In her own words...
Art has always been the raft onto which we climb to save our sanity. I don't see a different purpose for it now.
– Dorothea Tanning, 2002
New On View
The Museum of Modern Art in New York presents the "2021 Fall Reveal" of its permanent collection, featuring the recently acquired painting Notes for an Apocalypse (1978) in a gallery exploring the theme of "Body on the Line" in works by women artists from the late 1960s to the early 1980s.
The Scottish National Gallery of Modern Art has just opened its permanent collection installation "New Arrivals: From Salvador Dalí to Jenny Saville" with the painting Tableau vivant (Living Picture) (1954) and the sculpture Primitive Seating (1982) in the Surrealism room.
The Museo Reina Sofia has also reimagined its permanent collection galleries in "Communicating Vessels: Collection 1881-2021." A section devoted to "Double Exhibition: Art and Cold War" includes the suite of seven lithographs Les 7 Perils Spectraux (1950), the sculpture Étreinte (1969), and the collage Hotel (1988).
"Surrealism Beyond Borders" is on view at the Metropolitan Museum of Art in New York through January 30, 2022, after which it will travel to Tate Modern in London. The exhibition explores the expanisve international and chronological scope of the Surrealist movement, and includes the painting Eine Kleine Nachtmusik (1943).
“Surrealistic Creatures” at the Max Ernst Museum Brühl is devoted to a fantastical world of animals and imagined creatures. On view through February 6, 2022, the exhibition comprises works by 70 international artists in all media from the birth of Surrealism throughout the 20th century, including the paintings La Chienne et sa muse (The Dog and Her Muse) (1964) and Pour Gustave l'adoré (1974).
Kasmin Gallery in New York announces "Surrealist Collaboration: Poetry, Art, Literature, Ingenuity and Life Itself," a group exhibition curated in collaboration with Timothy Baum that will be on view at 297 Tenth Avenue from January 20 through February 26, 2022. With a strong focus on the Surrealist game of cadavre exquis, the show will examine the diverse collaborations between Surrealist artists, and will include the 1945 collage Chess Tournament at Julien Levy Gallery, January 6, 1945.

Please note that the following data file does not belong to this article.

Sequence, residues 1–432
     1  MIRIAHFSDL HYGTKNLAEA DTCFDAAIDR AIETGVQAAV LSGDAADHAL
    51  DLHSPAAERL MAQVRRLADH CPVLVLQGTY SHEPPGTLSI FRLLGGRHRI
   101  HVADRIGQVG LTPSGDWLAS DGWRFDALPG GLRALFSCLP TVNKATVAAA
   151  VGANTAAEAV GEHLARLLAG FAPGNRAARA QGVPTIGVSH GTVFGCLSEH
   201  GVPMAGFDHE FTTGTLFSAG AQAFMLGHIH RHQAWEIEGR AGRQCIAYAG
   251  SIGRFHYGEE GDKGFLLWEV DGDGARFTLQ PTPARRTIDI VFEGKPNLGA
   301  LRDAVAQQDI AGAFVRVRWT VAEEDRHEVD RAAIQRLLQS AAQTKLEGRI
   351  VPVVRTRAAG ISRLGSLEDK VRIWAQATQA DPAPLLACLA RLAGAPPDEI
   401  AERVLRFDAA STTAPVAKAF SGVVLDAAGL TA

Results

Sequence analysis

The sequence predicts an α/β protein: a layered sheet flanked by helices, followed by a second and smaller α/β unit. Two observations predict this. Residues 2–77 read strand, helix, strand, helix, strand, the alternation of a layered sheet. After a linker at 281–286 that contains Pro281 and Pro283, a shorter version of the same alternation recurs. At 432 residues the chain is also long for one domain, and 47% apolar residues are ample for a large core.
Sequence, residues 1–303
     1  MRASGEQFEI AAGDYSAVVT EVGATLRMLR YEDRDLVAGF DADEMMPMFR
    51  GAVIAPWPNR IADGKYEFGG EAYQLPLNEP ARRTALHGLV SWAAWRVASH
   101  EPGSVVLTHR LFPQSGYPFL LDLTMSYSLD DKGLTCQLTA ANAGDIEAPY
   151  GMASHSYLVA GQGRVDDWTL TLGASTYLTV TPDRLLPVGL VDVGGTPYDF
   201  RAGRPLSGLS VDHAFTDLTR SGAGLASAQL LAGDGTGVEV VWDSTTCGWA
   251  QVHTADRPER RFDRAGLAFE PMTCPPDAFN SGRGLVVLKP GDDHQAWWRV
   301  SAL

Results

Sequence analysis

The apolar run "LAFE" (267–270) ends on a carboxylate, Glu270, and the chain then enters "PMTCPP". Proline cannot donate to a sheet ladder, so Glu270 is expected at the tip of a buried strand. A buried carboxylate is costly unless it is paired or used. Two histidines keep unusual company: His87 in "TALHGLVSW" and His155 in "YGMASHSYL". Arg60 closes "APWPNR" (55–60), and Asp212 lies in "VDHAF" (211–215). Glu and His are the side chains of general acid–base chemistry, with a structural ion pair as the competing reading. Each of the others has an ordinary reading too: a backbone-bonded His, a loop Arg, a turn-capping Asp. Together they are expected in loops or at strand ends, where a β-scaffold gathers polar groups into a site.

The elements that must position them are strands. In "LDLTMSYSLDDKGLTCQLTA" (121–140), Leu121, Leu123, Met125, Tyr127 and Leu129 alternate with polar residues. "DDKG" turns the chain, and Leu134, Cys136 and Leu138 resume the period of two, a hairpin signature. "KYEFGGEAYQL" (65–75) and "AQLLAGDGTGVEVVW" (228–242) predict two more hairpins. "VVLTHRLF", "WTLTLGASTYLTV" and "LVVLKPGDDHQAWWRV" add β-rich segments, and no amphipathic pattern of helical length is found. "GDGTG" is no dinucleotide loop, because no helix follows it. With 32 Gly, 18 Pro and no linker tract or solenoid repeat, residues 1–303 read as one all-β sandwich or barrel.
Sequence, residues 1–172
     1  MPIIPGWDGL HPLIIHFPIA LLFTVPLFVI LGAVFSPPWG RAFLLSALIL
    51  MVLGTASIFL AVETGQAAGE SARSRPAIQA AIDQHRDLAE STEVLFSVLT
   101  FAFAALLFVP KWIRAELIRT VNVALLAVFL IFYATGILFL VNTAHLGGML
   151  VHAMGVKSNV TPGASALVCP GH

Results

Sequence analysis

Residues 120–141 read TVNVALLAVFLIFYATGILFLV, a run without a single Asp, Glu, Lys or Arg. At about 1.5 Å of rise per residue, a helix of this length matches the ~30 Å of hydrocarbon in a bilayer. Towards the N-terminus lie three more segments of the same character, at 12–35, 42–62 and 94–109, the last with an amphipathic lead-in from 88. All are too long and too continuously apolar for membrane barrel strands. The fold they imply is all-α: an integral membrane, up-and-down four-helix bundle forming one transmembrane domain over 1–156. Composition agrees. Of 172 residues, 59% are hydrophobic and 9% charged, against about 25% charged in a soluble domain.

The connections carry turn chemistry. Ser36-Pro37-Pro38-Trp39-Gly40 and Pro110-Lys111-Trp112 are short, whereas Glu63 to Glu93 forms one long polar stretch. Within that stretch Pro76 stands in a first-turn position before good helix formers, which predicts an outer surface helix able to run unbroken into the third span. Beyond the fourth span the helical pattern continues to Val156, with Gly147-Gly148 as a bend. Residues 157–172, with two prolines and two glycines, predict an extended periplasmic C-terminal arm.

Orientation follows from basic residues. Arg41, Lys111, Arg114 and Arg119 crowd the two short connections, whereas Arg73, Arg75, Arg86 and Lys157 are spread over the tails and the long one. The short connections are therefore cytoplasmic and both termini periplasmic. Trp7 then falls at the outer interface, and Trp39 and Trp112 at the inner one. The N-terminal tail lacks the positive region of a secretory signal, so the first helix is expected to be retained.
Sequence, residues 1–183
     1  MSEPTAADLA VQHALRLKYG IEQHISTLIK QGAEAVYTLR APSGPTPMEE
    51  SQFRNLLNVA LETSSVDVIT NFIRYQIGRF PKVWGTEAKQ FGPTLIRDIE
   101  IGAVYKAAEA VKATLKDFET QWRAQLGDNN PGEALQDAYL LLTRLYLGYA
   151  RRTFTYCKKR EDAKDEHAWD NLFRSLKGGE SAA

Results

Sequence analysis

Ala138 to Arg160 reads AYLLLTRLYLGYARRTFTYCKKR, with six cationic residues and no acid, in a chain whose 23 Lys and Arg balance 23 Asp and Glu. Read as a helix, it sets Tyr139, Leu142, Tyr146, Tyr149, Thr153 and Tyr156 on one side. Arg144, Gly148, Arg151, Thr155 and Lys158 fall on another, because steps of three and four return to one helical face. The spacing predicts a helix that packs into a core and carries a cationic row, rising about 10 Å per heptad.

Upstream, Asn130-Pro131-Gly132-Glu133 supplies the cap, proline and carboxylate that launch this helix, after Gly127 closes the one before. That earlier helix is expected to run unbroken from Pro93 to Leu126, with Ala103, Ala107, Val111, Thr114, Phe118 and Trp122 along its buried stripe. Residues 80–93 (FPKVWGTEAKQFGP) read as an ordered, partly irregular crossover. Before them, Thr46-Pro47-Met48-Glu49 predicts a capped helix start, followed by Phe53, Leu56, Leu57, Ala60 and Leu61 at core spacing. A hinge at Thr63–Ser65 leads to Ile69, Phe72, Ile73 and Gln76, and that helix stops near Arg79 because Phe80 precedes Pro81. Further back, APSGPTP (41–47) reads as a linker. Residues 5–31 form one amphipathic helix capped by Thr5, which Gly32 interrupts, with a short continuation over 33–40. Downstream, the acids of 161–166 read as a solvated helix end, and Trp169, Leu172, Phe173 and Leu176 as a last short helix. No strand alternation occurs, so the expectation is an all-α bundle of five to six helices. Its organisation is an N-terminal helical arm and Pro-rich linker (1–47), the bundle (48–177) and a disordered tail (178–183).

“Supernatural America: The Paranormal in American Art” is open at the Speed Art Museum in Louisville, Kentucky through January 2, 2022. With works such as Guardian Angels (1946) the show takes a broad inter-disciplinary, multicultural, and multimedia view of the supernatural and paranormal in artists' work from the early 19th century through the present. After Louisville, it will be on view at the Minneapolis Institute of Art, which organized the exhibition.
"Surrealism and Magic: Enchanted Modernity," is on view at Museum Barberini in Potsdam through January 29, 2022. With paintings such as The Magic Flower Game (1941), the exhibition explores the inspiration that many artists of the Surrealist movement drew from the symbolism of magic and the occult.
"Fantasy Figures: Surrealist Works on Paper from the Art Center’s Collection" is on view at the Des Moines Art Center through March 20, 2022. This exhibition explores transformational visions of the human body in drawings, collages, and prints dating mainly from the 1930s to the 1960s, and includes the works L'Auberge (1949) and Drawing for Musical Chairs (1949).